While each investigation is unique and there may be times where these concerns are warranted, generally this is not the case. Providing the employee under investigation with the particulars of the allegations and the evidence to support the allegations, including the identity of the employee making the complaint, most often assists in attaining a more complete picture of what, if anything, took place and achieving a timely resolution of the matter. The integrity of an investigation can be significantly compromised if the employee under investigation is not made aware of what was said against them.(Chapman v. Canada (Attorney General), 2019 FC 975).
An employee who knows the extent of the evidence against them is in a better position to admit fault and/or provide a fulsome explanation of what occurred.
- Rushing to Judgment
Confirmation bias and tunnel vision are concepts well understood in police investigations, but they can be present in workplace investigations as well. Investigators must not rush to judgment. The employee under investigation must not be treated as guilty until proven innocent.
On receiving the statements of witnesses and/or complainants and reviewing other evidence, employers often feel confident that they know what occurred and who is at fault and are ready to pronounce judgement and conclude the matter. While it may be the case that the evidence against the investigated employee is compelling, the employee under investigation may still possess information that only they have, and this information may significantly reframe or cast doubt on the information already obtained by the employer. The employer has an obligation to obtain the investigated employee’s information and explanation. An employee under investigation must be provided a meaningful right to be heard, to defend themselves, and to have any explanation appropriately considered, prior to being sanctioned. What is meaningful largely depends on the possible consequences that individual faces. With more severe consequences, the participatory rights are more onerous, including, for example, providing the employee access to their own records (Grant v. Deputy Head (Canada Border Services Agency), 2016 PSLREB 37, at para 143).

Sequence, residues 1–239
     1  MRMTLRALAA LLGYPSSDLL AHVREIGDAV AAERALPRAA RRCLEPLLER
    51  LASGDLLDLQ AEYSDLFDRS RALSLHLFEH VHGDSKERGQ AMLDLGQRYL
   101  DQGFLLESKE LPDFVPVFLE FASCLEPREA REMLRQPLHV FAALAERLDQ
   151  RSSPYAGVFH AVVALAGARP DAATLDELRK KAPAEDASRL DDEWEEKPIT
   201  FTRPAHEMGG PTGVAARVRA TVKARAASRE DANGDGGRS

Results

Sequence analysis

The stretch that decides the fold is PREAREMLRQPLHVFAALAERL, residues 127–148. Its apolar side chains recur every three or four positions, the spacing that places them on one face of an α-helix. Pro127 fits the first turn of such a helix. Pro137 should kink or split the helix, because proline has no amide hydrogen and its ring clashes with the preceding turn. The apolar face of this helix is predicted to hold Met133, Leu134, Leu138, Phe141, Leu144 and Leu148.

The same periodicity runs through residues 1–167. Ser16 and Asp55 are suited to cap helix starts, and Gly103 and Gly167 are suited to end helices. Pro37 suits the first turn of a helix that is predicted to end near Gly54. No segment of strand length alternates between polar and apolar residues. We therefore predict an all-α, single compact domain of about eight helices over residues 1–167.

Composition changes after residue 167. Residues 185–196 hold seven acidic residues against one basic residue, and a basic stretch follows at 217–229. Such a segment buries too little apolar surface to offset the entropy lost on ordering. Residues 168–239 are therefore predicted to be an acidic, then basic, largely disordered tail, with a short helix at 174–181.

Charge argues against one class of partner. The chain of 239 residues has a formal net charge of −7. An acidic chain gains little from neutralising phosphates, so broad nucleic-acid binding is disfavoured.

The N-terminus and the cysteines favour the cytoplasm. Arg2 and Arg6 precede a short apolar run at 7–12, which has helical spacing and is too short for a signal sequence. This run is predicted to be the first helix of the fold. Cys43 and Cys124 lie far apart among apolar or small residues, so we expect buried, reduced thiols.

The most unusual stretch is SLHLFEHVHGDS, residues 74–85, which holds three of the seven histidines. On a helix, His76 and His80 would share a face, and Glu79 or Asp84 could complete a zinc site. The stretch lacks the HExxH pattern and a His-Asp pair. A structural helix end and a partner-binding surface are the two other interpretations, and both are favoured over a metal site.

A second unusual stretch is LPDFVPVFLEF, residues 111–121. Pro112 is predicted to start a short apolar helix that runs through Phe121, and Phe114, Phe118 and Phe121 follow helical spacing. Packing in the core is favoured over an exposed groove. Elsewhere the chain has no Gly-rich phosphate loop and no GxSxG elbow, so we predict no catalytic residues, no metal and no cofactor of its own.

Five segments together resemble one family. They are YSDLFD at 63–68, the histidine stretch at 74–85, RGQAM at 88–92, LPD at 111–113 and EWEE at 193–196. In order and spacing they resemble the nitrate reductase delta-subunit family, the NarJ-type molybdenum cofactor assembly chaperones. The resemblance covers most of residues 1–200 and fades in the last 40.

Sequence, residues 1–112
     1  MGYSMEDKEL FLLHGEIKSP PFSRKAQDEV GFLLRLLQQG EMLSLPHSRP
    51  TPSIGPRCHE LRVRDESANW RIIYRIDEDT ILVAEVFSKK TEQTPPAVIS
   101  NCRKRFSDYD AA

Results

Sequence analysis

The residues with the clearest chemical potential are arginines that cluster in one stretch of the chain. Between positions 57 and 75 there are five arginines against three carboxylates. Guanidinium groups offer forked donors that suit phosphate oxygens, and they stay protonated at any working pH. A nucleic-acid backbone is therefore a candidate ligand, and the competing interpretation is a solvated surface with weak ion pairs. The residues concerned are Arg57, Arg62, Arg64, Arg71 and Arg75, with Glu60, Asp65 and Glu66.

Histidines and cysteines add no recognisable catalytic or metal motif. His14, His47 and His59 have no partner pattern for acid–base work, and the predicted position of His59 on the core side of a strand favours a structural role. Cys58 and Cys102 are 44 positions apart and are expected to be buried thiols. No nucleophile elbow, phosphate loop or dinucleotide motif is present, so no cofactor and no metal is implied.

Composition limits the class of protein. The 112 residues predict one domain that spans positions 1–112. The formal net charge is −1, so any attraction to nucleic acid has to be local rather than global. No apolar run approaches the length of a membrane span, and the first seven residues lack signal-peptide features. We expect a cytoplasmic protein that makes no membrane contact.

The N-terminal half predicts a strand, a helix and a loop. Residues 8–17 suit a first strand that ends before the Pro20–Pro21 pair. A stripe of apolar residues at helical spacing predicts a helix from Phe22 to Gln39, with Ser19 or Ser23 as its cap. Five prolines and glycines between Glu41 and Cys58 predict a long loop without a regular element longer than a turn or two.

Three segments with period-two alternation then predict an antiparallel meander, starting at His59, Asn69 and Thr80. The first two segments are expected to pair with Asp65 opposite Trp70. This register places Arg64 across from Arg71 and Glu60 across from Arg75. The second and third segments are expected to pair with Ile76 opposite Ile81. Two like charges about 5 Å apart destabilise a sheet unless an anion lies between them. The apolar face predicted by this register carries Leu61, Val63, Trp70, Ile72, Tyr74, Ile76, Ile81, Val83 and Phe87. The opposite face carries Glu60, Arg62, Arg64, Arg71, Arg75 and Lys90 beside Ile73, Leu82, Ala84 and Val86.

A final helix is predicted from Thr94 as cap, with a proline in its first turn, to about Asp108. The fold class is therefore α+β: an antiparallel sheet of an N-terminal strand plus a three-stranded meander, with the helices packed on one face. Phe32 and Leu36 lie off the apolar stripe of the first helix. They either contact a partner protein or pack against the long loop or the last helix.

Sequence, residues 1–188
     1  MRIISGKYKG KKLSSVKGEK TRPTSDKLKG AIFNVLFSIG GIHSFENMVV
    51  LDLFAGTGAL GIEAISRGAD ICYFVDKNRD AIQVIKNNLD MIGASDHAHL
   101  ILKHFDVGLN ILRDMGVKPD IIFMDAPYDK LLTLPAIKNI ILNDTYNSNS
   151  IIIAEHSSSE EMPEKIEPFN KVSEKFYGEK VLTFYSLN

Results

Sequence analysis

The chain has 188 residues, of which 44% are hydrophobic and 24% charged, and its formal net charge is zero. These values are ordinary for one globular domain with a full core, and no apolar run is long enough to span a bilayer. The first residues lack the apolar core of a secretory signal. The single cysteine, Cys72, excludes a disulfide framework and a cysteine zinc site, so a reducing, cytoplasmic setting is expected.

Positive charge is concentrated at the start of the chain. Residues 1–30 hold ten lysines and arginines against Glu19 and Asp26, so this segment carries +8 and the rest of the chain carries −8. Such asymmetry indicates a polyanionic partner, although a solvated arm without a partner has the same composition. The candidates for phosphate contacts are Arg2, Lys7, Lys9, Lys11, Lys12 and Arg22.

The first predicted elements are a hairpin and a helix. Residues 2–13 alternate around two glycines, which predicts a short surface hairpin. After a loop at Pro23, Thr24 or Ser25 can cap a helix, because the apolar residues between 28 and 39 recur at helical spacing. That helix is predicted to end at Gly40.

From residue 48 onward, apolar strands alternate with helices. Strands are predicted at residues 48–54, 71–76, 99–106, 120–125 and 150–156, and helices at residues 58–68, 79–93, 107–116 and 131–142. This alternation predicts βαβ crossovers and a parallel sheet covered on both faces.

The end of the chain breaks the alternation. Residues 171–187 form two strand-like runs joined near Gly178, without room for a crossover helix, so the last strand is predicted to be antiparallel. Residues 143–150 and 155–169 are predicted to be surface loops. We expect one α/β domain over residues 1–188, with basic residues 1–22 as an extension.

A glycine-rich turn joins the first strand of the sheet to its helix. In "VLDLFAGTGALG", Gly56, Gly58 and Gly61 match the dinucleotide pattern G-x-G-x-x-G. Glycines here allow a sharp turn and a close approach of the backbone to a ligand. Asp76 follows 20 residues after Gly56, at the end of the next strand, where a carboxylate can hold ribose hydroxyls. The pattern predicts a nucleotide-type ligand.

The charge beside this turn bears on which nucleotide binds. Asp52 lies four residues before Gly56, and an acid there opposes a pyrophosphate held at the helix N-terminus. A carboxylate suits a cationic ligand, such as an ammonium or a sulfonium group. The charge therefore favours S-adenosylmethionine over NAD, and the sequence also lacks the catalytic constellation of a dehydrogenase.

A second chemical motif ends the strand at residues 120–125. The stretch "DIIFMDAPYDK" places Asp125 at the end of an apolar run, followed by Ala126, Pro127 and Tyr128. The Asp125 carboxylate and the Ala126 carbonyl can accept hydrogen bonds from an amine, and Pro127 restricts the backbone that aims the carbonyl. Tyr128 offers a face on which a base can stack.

At the outset of any investigation into allegations of workplace misconduct, an employer must be mindful of their duty of fairness to both the complainant and the employee under investigation. Missteps at the beginning are difficult to rectify later on and often come at a significant cost. Formulating an investigative plan and retaining the right person(s) to conduct and oversee the investigation are often keys to success.
Field Law is able to provide strategic advice and assistance at each stage of the investigative and disciplinary process. This includes conducting investigations on behalf of the employer as an impartial third party. If you have any questions, please contact Jason Harley or Orlagh O'Kelly in Edmonton or Kelly Nicholson in Calgary for assistance.
Jason’s Harley’s background serving as a police officer with the Edmonton Police Service allows him to efficiently conduct thorough workplace investigations that yield timely and targeted results for his clients.
Orlagh O’Kelly is a public law lawyer with Field. She has extensive experience understanding the content of the duty of fairness in variable private and public settings, including within workplace investigations.